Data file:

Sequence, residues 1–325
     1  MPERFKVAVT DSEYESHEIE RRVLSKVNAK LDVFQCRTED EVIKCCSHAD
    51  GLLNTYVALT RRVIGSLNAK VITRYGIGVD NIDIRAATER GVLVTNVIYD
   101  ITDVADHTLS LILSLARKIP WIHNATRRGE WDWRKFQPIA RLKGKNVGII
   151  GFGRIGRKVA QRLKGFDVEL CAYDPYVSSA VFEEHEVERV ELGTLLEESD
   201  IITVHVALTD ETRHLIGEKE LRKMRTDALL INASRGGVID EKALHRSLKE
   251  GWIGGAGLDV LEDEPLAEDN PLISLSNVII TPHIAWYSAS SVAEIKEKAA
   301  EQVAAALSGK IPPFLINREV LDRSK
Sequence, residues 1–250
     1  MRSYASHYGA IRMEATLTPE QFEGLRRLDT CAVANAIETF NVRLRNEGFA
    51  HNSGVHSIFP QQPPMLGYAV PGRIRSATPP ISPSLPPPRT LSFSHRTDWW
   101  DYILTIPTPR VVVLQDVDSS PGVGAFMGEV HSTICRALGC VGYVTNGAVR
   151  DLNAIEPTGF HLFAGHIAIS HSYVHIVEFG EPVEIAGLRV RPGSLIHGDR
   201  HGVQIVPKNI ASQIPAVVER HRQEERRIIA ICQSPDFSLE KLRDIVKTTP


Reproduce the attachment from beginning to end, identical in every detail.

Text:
Sequence, residues 1–325
     1  MPERFKVAVT DSEYESHEIE RRVLSKVNAK LDVFQCRTED EVIKCCSHAD
    51  GLLNTYVALT RRVIGSLNAK VITRYGIGVD NIDIRAATER GVLVTNVIYD
   101  ITDVADHTLS LILSLARKIP WIHNATRRGE WDWRKFQPIA RLKGKNVGII
   151  GFGRIGRKVA QRLKGFDVEL CAYDPYVSSA VFEEHEVERV ELGTLLEESD
   201  IITVHVALTD ETRHLIGEKE LRKMRTDALL INASRGGVID EKALHRSLKE
   251  GWIGGAGLDV LEDEPLAEDN PLISLSNVII TPHIAWYSAS SVAEIKEKAA
   301  EQVAAALSGK IPPFLINREV LDRSK
Sequence, residues 1–250
     1  MRSYASHYGA IRMEATLTPE QFEGLRRLDT CAVANAIETF NVRLRNEGFA
    51  HNSGVHSIFP QQPPMLGYAV PGRIRSATPP ISPSLPPPRT LSFSHRTDWW
   101  DYILTIPTPR VVVLQDVDSS PGVGAFMGEV HSTICRALGC VGYVTNGAVR
   151  DLNAIEPTGF HLFAGHIAIS HSYVHIVEFG EPVEIAGLRV RPGSLIHGDR
   201  HGVQIVPKNI ASQIPAVVER HRQEERRIIA ICQSPDFSLE KLRDIVKTTP